Article 25 of the United Nations Universal Declaration of Human Rights specifically states that motherhood and childhood are entitled to special care
While there are tremendous advances in the quality of healthcare in the recent past, maternal death during childbirth may seem to be a concern of the past. Yet, over 177,000 women die each year from preventable, pregnancy-related complications. According to the 2011 UN Millenium Development Goals Report, maternal mortality rate decreased by 34% between 1990 and 2008 in the developing world, with the greatest progress being achieved in North Africa and Asia. Despite advances in reducing the maternal mortality ratio, the situation in Sub-Sahara Africa is still catastrophic as women on the continent face an adult lifetime risk of 1 in 39 dying from pregnancy-related complications.
Nhino, a 27 year old woman, lives in Fora – a village in Marsabit County in the semi-arid northern part of Kenya. Nhino has had three children and is now carrying her fourth baby. She recently had complications with her pregnancy and like most women in rural Sub-Saharan Africa, she has no access to a health facility in her village. She had no choice when she began the 18 kilometre walk to the nearest health facility in Illeret, oblivious of the risk she was imposing on herself and her unborn child. She and her husband Shata had walked for 13 kilometres when they managed to hitch a hike with a utility van that took them to Illeret health center. She was well looked after by the trained midwife who assessed the condition and saw it necessary to seek further medical care. The nearest hospital from Illeret, Wamba Mission Hospital was about 411 kilometers away. AMREF Flying Doctors was called in to transport the mother to the more advanced facility. She is now recuperating at Wamba Mission Hospital and is among the lucky women in Africa who will get to see and raise their child, thanks to organisations like AMREF that are watching out for them.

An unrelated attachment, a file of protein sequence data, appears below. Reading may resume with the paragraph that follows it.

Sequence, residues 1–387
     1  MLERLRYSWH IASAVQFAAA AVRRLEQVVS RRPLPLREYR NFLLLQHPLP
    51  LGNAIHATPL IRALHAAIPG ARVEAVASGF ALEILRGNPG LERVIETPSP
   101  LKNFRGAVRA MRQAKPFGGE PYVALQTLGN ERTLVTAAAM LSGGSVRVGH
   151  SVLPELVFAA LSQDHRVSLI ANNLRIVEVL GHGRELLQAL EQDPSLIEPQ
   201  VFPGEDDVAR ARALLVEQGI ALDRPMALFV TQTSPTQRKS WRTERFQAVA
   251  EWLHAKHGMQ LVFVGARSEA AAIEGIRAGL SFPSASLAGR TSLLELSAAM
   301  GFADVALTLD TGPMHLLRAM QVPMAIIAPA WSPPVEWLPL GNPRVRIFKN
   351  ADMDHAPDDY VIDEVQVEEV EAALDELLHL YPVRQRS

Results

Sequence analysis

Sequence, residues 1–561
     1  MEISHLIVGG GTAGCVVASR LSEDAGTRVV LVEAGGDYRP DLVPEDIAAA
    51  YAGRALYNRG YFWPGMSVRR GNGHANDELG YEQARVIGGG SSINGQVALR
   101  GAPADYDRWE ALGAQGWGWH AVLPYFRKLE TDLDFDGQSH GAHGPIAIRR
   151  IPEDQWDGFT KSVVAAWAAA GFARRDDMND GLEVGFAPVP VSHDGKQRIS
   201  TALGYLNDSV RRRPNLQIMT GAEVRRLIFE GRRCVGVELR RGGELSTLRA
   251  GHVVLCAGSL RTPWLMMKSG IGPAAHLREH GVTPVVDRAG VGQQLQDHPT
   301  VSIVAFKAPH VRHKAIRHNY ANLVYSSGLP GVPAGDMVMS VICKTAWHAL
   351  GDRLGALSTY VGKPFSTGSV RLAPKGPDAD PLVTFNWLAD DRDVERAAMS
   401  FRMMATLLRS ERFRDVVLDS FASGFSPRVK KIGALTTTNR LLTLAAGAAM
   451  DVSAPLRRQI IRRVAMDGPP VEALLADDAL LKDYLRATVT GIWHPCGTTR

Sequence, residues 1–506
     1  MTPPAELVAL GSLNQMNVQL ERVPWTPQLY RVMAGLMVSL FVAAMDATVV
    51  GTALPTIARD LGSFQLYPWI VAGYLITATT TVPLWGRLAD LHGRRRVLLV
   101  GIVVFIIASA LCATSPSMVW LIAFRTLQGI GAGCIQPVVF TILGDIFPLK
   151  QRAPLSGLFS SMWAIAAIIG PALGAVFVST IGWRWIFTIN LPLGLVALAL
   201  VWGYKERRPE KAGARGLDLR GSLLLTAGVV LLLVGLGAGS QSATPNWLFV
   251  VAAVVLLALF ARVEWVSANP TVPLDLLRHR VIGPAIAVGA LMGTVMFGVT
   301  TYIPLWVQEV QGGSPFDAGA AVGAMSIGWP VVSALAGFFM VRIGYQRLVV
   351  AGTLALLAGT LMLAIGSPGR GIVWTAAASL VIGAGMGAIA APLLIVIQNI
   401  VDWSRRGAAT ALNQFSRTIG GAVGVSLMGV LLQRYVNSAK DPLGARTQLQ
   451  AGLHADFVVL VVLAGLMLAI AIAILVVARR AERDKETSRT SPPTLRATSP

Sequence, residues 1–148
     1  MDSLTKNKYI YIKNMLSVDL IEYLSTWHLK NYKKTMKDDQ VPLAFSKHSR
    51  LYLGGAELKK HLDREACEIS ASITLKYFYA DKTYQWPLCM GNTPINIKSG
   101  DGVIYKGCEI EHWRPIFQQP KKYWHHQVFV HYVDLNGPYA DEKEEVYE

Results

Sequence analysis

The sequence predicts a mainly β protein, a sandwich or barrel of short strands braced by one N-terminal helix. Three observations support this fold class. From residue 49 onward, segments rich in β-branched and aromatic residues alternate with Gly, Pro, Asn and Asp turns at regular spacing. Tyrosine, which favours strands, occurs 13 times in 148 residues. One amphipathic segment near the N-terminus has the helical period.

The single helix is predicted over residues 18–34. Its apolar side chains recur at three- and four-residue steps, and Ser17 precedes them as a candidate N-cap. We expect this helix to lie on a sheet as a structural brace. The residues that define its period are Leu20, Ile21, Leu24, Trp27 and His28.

Not all women have this benefit. Pregnancy and childbirth pose a great risk to women in many regions of Africa and the maternal mortality ratio currently lags behind the Millennium Development Goal target. AMREF asserts that the fundamental right of health care for all women should be guaranteed and sustainable measures put in place to save the lives of mothers. Most of the deaths can be prevented through education and skilled health care, which is why, AMREF has embarked on the process of training 15,000 more midwives across the continent by 2015. Trained midwives can handle complicated pregnancies and save the lives of women and their babies.
A variety of impediments, primarily related to economic development prevent women from having adequate health care during pregnancy. The problem however, is not just one of inadequate care, but in many cases, the absence of care altogether. The Stand up for African Mothers campaign is aimed at raising funds to train the 15,000 midwives in Africa by the year 2015. Every woman who risks death to bring life is one reason to arise and stand up for African mothers.